William Woodward painted a water color portrait of George Ohr, c. 1890. Woodward and his brother Ellsworth Woodward formed the New Orleans Art Pottery on Baronne Street. They hired Joseph Meyer as the potter and George Ohr came to assist him. William Woodward, George Ohr and Joseph Meyer remained in contact for years and all are buried in the Biloxi Cemetery.

A packet of mineral color was found among Ohr's belongings. Ohr created original low-fire enamels in the mid-to-late 1890s. He used single hues, as well as combinations, sometimes enhanced with ground metallics, such as lead.

George Ohr created an assortment of business cards. He was never hesitant to self-promote "The Mad Potter of Biloxi" as the greatest art potter.

The Mad Potter paid for an ad in "The Philistine: A Periodical of Protest" produced by socialist and anarchist Elbert Hubbard, who used the publication to promote his ideas of personal freedom.

Ohr rebuilt his studio in its bright pink pagoda-like form. The top of the structure could undoubtedly be seen for miles by tourists on the Mississippi Gulf Coast - another marketing scheme created by Ohr.

George Ohr showed his work in the Mississippi Section of the Mines and Metallurgy Building at the Louisiana Purchase International Exposition in St. Louis, Missouri in 1904, which celebrated the centennial of the 1803 Louisiana Purchase. Foreign countries and states, including Mississippi, were represented at the fair, which opened April 30, 1904 and closed December 1, 1904.

George Ohr displayed his work at the Louisiana Purchase International Exposition in St. Louis, Missouri in 1904. Pieces made by Ohr at the fair can be found in various collections, inscribed "Expo Clay, 1904." Unlike the other world's fairs Ohr attended, the St. Louis fair concentrated more on individual artists instead of the larger pottery companies. The merit of Ohr's work was recognized by his winning a silver medal.

One of several court hearings, including a lunacy hearing, filed against George Ohr for incidents that began with Ohr's challenge of a land dispute after the death of his parents.

Josephine Ohr wrote to Dr. Calvin S. Brown of the University of Mississippi in 1925. Brown had become interested in Ohr's work and had corresponded with Ohr before his death. Josephine sent a gift of "burned babies" to Brown.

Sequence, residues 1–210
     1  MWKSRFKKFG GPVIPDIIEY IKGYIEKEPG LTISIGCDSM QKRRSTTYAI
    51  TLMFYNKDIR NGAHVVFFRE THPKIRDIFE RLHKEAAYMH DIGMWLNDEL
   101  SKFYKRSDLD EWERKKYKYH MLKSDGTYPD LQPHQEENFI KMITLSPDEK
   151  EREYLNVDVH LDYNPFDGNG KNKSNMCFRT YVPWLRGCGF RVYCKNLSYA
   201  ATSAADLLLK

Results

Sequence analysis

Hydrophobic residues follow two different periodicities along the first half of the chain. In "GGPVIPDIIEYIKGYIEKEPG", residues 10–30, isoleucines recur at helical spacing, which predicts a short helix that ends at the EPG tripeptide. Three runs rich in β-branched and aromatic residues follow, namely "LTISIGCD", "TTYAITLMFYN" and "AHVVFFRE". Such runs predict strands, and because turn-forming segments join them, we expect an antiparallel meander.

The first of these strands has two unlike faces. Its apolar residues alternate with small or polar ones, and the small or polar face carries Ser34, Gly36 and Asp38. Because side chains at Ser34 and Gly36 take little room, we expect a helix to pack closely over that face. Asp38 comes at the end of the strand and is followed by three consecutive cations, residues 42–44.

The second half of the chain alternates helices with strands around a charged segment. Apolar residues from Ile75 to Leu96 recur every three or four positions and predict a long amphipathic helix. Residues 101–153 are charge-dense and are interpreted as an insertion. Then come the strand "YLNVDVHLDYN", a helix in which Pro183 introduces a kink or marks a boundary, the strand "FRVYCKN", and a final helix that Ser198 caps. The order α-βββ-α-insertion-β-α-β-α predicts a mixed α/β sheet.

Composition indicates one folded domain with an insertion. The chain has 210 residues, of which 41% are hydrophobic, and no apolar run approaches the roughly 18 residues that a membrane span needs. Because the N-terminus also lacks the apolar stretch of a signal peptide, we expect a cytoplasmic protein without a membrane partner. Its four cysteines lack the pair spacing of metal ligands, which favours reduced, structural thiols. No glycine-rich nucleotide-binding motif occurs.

A letter to Dr. Calvin Brown dated 1926, in which Josephine Ohr tells of George's death and states that he had worked for a while in Fairhope, Alabama on the Mobile Bay.

Notes from Dr. Calvin Brown of the University of Mississippi, in which he states that he was given pieces of Ohr pottery during a visit to Josephine Ohr in 1925.

An article about George Ohr was written for "Popular Ceramics" by Dolores "Bobby" Davidson Smith who organized the Gulf South Ceramic Show of Ohr's pottery in Biloxi in 1965. Smith stated, "Ohr's genius seems to have flowed from the well-spring of natural instinct. He was mainly self-taught, and absorbed everything he observed."

The show of Ohr pottery organized by Dolores "Bobby" Davidson Smith showed pottery that had been unexposed for more than 50 years and stated that the exhibition would unravel the mystery as to the whereabouts of Ohr pottery that has puzzled collectors searching for definitive work.

Dolores "Bobby" Davidson Smith organized the "Second Showing" of Ohr's pottery, c. 1967, and composed an essay to include in the program. Bobby was an advocate for the importance of Ohr's work and encouraged Ohr's heirs to construct a "bunker" in which to store the pottery to keep it safe from hurricanes.

Robert Blasberg was a friend of James Carpenter, who purchased the Ohr estate. Blasberg contacted Bobby Davidson Smith and they had an ongoing correspondence about Ohr in the 1960s. Their correspondence was not as innocent as it seemed on the part of Blasberg. Ultimately Blasberg's friend James Carpenter purchased the Ohr estate and Blasberg wrote "George E. Ohr and His Biloxi Art Pottery" in 1973, followed by "The Unknown Ohr" in 1986.

Credits: Story

Compiled by Curator Barbara Johnson Ross and her assistant Lilyana Gandour from the collection and archives of the Ohr-O’Keefe Museum of Art.

Works Cited:

Clark, Garth, Ellison, Robert A. Jr., Hecht, Eugene. "The Mad Potter of Biloxi: The Art and Life of George E. Ohr." New York: Abbeville Press Publishers, 1989.

Ellison, Robert with Martin Edelburg. "George Ohr, Art Potter: The Apostle of Individuality." London: Scala Publishers, 2006.

Hecht, Eugene. "After the Fire, George Ohr: An American Genius." Lambertville, NJ: Arts and Crafts Quarterly Press, 1994.

Hecht, Eugene. "George Ohr: The Greatest Art Potter on Earth." New York: Skira Rizzoli Publications, 2013.


Credits: All media
The story featured may in some cases have been created by an independent third party and may not always represent the views of the institutions, listed below, who have supplied the content.
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